„Conquer thyself, till thou hast done this, thou art but a slave; for it is almost as well to be subjected to another's appetite as to thine own.“

—  Richard Francis Burton, As quoted in The New Dictionary of Thoughts : A Cyclopedia of Quotations from the Best Authors of the World, Both Ancient and Modern, Alphabetically Arranged by Subjects (1957) by Tryon Edwards, p. 510
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Nicholas of Cusa photo
Matthew Arnold photo

„This truth—to prove, and make thine own:
‘Thou hast been, shalt be, art, alone.“

—  Matthew Arnold English poet and cultural critic who worked as an inspector of schools 1822 - 1888
"Isolation" (1857)

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Romain Rolland photo

„I fight with other voices, other arms than thine. Though thou art conquered, yet art thou of the army which is never vanquished. Remember that and thou wilt fight even unto death.“

—  Romain Rolland French author 1866 - 1944
Context: "Thou art not alone, and thou dost not belong to thyself. Thou art one of My voices, thou art one of My arms. Speak and strike for Me. But if the arm be broken, or the voice be weary, then still I hold My ground: I fight with other voices, other arms than thine. Though thou art conquered, yet art thou of the army which is never vanquished. Remember that and thou wilt fight even unto death." "Lord, I have suffered much!" "Thinkest thou that I do not suffer also? For ages death has hunted Me and nothingness has lain in wait for Me. It is only by victory in the fight that I can make My way. The river of life is red with My blood." "Fighting, always fighting?" "We must always fight. God is a fighter, even He Himself. God is a conqueror. He is a devouring lion. Nothingness hems Him in and He hurls it down. And the rhythm of the fight is the supreme harmony. Such harmony is not for thy mortal ears. It is enough for thee to know that it exists. Do thy duty in peace and leave the rest to the Gods."

Romain Rolland photo

„Thou art not alone, and thou dost not belong to thyself. Thou art one of My voices, thou art one of My arms. Speak and strike for Me.“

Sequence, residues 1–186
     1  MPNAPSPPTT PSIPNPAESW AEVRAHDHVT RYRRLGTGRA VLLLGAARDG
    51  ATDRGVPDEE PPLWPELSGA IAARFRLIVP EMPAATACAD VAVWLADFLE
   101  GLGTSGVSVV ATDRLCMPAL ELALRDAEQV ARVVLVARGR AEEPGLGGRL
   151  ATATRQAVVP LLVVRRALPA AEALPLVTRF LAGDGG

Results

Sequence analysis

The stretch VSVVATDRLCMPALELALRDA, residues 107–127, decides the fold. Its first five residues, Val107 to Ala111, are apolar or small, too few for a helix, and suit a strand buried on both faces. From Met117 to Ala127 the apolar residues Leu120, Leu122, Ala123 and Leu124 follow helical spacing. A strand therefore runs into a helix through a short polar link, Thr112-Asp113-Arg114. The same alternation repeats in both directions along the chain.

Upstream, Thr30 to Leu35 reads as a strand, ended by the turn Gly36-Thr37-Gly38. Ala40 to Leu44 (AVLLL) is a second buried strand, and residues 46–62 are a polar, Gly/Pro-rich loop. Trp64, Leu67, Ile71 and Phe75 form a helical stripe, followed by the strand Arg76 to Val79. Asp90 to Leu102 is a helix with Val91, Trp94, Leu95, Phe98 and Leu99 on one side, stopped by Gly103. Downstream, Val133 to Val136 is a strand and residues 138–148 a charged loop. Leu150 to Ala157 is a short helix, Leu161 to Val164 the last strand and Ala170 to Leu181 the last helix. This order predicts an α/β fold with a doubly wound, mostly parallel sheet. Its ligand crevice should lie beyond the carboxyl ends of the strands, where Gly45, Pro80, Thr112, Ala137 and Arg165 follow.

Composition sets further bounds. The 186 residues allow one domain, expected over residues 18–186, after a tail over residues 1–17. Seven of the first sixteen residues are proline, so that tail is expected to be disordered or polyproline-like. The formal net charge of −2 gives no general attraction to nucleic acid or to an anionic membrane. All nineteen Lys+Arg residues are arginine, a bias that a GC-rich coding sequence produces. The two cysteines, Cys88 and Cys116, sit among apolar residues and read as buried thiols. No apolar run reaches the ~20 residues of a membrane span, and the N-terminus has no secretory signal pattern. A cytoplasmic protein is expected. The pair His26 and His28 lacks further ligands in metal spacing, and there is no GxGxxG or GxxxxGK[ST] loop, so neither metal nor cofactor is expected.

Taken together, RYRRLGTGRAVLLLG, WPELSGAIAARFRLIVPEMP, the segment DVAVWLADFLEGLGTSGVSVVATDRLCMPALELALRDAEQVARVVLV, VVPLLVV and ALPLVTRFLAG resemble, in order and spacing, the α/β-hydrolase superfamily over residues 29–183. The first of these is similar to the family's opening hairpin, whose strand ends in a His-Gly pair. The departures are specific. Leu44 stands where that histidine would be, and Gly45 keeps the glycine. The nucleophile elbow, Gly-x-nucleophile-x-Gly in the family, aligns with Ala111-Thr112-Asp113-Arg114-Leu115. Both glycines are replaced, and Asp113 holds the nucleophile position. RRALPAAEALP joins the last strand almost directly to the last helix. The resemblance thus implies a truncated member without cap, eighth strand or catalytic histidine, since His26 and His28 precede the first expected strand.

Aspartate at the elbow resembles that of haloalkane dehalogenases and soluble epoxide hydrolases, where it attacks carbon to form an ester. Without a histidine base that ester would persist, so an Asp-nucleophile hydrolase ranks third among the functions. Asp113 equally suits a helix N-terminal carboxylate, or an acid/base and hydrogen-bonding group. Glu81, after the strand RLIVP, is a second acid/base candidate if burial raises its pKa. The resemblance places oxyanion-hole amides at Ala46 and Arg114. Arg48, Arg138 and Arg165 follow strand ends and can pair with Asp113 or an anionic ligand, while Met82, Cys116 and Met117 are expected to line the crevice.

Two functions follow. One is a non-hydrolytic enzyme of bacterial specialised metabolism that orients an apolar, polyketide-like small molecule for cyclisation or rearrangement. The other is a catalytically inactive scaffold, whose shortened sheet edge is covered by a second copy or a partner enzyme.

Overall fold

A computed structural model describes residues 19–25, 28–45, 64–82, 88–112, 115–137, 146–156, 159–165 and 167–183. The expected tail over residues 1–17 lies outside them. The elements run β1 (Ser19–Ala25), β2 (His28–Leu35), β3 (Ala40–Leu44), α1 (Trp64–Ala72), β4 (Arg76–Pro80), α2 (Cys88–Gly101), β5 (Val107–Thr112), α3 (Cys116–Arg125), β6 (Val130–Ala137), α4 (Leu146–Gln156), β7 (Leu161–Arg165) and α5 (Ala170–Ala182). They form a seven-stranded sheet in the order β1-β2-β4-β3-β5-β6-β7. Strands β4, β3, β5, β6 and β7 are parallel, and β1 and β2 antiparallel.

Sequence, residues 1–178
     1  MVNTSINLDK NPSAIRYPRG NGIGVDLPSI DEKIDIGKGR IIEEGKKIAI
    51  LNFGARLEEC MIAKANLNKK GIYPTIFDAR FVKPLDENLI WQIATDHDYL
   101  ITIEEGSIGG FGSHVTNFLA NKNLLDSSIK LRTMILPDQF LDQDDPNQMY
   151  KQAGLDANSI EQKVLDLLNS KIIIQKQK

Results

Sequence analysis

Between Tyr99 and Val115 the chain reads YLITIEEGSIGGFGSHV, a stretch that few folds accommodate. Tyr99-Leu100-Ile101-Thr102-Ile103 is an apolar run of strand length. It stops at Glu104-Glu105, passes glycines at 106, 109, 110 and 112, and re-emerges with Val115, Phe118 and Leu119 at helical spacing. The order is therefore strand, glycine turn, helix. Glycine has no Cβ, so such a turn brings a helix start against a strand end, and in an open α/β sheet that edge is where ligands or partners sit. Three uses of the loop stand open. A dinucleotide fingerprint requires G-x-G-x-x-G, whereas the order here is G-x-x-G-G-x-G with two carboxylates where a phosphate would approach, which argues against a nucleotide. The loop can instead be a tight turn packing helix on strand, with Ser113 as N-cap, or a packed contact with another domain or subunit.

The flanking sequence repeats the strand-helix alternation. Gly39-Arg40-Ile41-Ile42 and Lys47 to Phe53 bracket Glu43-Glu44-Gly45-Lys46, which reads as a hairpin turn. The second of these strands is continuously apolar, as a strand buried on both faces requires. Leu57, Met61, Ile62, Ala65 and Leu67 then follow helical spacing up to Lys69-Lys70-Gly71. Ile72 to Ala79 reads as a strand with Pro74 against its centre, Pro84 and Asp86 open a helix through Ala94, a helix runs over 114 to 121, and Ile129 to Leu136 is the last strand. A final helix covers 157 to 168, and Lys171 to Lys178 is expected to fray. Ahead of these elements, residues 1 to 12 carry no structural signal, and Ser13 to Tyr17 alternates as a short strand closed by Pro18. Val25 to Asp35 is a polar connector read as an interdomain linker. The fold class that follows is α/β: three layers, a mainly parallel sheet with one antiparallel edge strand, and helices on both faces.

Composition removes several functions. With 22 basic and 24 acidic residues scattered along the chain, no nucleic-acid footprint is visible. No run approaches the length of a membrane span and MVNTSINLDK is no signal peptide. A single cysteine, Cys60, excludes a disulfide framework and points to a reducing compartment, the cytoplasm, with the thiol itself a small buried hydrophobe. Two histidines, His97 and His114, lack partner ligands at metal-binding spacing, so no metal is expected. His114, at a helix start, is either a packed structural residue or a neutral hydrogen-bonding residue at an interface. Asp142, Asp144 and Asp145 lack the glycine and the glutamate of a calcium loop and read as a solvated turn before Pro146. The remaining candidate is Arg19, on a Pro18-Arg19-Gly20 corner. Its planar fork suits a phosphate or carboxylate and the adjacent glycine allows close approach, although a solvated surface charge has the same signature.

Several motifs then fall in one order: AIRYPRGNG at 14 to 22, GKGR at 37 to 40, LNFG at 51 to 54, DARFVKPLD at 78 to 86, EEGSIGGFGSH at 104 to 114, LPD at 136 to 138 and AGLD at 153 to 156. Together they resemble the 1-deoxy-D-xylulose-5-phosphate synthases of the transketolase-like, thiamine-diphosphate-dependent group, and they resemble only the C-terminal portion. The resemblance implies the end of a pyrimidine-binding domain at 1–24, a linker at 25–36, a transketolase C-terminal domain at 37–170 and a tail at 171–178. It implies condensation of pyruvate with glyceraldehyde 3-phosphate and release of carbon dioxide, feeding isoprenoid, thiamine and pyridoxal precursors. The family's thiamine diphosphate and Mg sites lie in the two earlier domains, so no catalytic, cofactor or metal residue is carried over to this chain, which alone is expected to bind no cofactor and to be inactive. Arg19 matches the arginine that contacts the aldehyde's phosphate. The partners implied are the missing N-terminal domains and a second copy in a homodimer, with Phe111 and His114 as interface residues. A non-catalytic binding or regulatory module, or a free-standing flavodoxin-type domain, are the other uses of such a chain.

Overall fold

—  Romain Rolland French author 1866 - 1944
Context: "Thou art not alone, and thou dost not belong to thyself. Thou art one of My voices, thou art one of My arms. Speak and strike for Me. But if the arm be broken, or the voice be weary, then still I hold My ground: I fight with other voices, other arms than thine. Though thou art conquered, yet art thou of the army which is never vanquished. Remember that and thou wilt fight even unto death." "Lord, I have suffered much!" "Thinkest thou that I do not suffer also? For ages death has hunted Me and nothingness has lain in wait for Me. It is only by victory in the fight that I can make My way. The river of life is red with My blood." "Fighting, always fighting?" "We must always fight. God is a fighter, even He Himself. God is a conqueror. He is a devouring lion. Nothingness hems Him in and He hurls it down. And the rhythm of the fight is the supreme harmony. Such harmony is not for thy mortal ears. It is enough for thee to know that it exists. Do thy duty in peace and leave the rest to the Gods."

„Once thou art wed, no longer canst thou be
Lord of thyself.“

—  Alexis Athenian poet of Middle Comedy -372 - -270 a.C.
Fabulae Incertae, Fragment 34, 7.

William Shakespeare photo
Angelus Silesius photo
George Granville, 1st Baron Lansdowne photo

„Whoe'er thou art, thy Lord and master see,
Thou wast my Slave, thou art, or thou shalt be.“

—  George Granville, 1st Baron Lansdowne 1st Baron Lansdowne 1666 - 1735
Inscription for a Figure representing the God of Love. See Genuine Works. (1732) I. 129. Version of a Greek couplet from the Greek Anthology.

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Thomas Fuller (writer) photo
John Keats photo

„Thou art a dreaming thing,
A fever of thyself.“

—  John Keats, Bright Star: Love Letters and Poems of John Keats to Fanny Brawne

Thomas Fuller (writer) photo
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Percy Bysshe Shelley photo

„Spirit of BEAUTY, that dost consecrate
With thine own hues all thou dost shine upon
Of human thought or form, where art thou gone?“

—  Percy Bysshe Shelley English Romantic poet 1792 - 1822
Context: Spirit of BEAUTY, that dost consecrate With thine own hues all thou dost shine upon Of human thought or form, where art thou gone? Why dost thou pass away and leave our state, This dim vast vale of tears, vacant and desolate? Ask why the sunlight not for ever Weaves rainbows o'er yon mountain-river, Why aught should fail and fade that once is shown, Why fear and dream and death and birth Cast on the daylight of this earth Such gloom, why man has such a scope For love and hate, despondency and hope? St. 2

Thomas Dekker photo

„Art thou poor, yet hast thou golden slumbers?
O sweet content!
Art thou rich, yet is thy mind perplex'd?
O punishment!“

—  Thomas Dekker English dramatist and pamphleteer 1572 - 1632
Poem Sweet Content http://www.bartleby.com/101/204.html

Marcus Aurelius photo

„When thou art offended at any man's fault, forthwith turn to thyself and reflect in what manner thou doest error thyself... For“

—  Marcus Aurelius Emperor of Ancient Rome 121 - 180
Context: When thou art offended at any man's fault, forthwith turn to thyself and reflect in what manner thou doest error thyself... For by attending to this thou wilt quickly forget thy anger, if this consideration is also added, that the man is compelled; for what else could he do? or, if thou art able, take away from him the compulsion. X, 30

Angelus Silesius photo